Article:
Across the globe, over 3 million people die from alcohol- related deaths each year, accounting for 5.3% of all global deaths. In people aged 20–39 years, approximately 13.5% of total deaths are attributable to alcohol. Harmful use of alcohol consumption also contributes to the disabilities and poor health of millions of people. Overall, 5.1% of the global burden of disease and injury is attributable to alcohol, as measured in disability-adjusted life years (DALYs).
Disadvantaged and especially vulnerable populations have higher rates of alcohol-related death and hospitalization. There are also gender differences; the percentage of alcohol-attributable deaths among men amounts to 7.7 % of all global deaths compared to 2.6 % of all deaths among women. Overall, harmful use of alcohol is accountable for 7.1% and 2.2% of the global burden of disease for males and females respectively.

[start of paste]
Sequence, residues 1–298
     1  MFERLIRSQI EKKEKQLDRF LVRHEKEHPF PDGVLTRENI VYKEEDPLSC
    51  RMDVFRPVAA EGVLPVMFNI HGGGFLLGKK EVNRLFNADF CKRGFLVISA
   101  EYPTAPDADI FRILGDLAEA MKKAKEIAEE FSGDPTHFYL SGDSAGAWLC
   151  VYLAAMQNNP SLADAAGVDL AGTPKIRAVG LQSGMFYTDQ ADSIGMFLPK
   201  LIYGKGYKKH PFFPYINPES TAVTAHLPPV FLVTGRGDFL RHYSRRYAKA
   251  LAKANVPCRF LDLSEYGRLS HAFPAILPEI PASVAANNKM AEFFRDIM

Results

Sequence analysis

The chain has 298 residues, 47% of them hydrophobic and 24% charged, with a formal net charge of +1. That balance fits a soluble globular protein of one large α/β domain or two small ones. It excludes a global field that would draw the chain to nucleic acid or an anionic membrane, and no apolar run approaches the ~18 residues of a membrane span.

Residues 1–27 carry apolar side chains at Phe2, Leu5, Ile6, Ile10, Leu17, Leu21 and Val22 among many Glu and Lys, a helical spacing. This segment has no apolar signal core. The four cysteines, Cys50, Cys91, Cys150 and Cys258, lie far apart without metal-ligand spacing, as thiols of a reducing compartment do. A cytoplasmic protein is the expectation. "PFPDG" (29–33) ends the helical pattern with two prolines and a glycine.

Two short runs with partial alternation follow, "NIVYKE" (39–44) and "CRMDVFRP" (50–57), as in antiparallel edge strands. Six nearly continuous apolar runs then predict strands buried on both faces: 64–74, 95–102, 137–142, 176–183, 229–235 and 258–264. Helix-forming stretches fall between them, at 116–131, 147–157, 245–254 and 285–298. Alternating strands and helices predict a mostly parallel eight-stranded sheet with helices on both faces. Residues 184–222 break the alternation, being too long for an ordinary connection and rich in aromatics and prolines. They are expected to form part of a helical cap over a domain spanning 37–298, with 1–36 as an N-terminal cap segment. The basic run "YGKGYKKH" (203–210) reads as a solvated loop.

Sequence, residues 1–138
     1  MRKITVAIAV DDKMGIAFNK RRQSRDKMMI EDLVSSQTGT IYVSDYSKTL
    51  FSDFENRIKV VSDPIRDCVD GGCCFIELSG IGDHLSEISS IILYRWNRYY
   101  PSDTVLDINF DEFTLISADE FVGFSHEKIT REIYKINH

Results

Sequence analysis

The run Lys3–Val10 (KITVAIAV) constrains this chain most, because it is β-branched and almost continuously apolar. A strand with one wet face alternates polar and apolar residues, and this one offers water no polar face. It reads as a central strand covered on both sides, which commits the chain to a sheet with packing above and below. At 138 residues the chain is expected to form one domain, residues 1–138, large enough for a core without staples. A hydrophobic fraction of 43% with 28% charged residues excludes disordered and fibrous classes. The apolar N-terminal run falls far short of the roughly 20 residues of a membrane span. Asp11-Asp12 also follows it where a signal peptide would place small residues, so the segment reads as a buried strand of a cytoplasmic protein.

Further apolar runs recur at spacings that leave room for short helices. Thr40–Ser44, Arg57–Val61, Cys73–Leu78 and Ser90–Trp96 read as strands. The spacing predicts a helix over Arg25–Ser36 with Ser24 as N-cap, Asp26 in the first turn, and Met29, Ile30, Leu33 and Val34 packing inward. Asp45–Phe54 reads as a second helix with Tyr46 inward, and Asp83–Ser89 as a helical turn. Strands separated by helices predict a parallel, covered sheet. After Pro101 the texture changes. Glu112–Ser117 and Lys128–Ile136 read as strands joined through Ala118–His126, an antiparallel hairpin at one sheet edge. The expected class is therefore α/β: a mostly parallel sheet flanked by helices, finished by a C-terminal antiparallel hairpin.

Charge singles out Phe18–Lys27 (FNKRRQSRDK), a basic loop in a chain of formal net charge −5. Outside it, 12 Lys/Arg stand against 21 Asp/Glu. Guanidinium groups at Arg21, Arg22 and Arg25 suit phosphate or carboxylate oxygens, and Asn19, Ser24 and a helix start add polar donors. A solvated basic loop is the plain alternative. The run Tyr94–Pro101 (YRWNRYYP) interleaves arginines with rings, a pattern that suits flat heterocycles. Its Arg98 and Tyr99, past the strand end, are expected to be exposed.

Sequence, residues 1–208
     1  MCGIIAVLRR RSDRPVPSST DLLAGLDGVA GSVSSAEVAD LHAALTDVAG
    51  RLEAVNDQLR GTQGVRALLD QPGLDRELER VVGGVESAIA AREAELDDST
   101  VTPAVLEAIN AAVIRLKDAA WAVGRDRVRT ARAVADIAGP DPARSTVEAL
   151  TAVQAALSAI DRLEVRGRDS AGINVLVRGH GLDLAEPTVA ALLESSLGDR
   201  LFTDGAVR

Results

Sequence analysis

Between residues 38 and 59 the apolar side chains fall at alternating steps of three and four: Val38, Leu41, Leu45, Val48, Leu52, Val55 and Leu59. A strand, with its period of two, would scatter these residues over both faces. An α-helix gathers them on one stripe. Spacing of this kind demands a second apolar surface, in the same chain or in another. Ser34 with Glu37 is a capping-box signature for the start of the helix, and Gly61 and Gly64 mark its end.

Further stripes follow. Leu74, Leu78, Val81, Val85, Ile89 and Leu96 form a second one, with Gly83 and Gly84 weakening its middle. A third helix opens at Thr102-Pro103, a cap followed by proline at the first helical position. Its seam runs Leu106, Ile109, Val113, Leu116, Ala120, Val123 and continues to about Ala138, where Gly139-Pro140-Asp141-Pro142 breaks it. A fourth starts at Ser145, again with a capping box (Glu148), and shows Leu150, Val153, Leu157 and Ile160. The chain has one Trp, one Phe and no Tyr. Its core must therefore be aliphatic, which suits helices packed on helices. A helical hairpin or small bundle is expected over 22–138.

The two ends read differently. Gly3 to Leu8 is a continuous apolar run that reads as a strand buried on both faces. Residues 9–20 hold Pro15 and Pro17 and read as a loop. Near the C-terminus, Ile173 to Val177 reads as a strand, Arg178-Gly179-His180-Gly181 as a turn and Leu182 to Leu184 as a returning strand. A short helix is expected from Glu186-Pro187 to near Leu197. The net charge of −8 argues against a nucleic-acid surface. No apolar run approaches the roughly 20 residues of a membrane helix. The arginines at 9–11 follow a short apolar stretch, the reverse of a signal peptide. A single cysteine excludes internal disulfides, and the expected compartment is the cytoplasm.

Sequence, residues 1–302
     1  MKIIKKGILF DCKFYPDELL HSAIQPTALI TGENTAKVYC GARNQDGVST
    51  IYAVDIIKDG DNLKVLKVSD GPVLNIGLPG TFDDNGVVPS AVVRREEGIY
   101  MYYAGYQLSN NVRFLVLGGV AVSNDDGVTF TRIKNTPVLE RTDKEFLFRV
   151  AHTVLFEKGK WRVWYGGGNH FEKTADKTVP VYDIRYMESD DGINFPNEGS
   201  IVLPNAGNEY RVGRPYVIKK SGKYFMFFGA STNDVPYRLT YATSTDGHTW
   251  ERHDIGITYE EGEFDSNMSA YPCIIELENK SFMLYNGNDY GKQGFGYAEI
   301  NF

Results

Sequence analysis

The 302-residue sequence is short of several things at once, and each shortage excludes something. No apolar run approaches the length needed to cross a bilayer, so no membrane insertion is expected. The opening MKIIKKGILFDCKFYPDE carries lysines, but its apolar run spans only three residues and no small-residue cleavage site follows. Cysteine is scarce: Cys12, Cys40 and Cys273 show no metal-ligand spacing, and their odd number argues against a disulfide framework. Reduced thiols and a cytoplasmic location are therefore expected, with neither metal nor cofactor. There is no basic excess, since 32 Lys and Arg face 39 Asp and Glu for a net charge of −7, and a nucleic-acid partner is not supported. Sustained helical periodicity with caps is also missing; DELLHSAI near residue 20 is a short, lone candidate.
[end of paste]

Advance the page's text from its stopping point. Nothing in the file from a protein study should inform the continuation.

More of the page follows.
Foetal Alcohol Spectrum Disorder (FASD), with associated physical and neurological impairments, is a result of drinking alcohol during pregnancy. The global prevalence of FASD among children and youth in the general population was estimated to be 7.7 per 1000 population, and is highest in the European Region at 19.8 per 1000 population. In addition, the harmful use of alcohol leads to increased levels of violence, gender-based violence, accidents and road accidents. It is a global problem that requires a global solution, with targeted regional, country and community level interventions and action. In the majority of countries where comparable data is available, trends in underage drinking, drink driving, and heavy-episodic (or binge) drinking show a decline or have remained stable since 2010. However, some countries are not seeing progress at all. The picture is complex because historical and current data gaps remain in many low- and middle-income countries.
 Global Prevalence of Fetal Alcohol Spectrum Disorder Among Children and Youth: A Systematic Review and Meta-analysis (2019)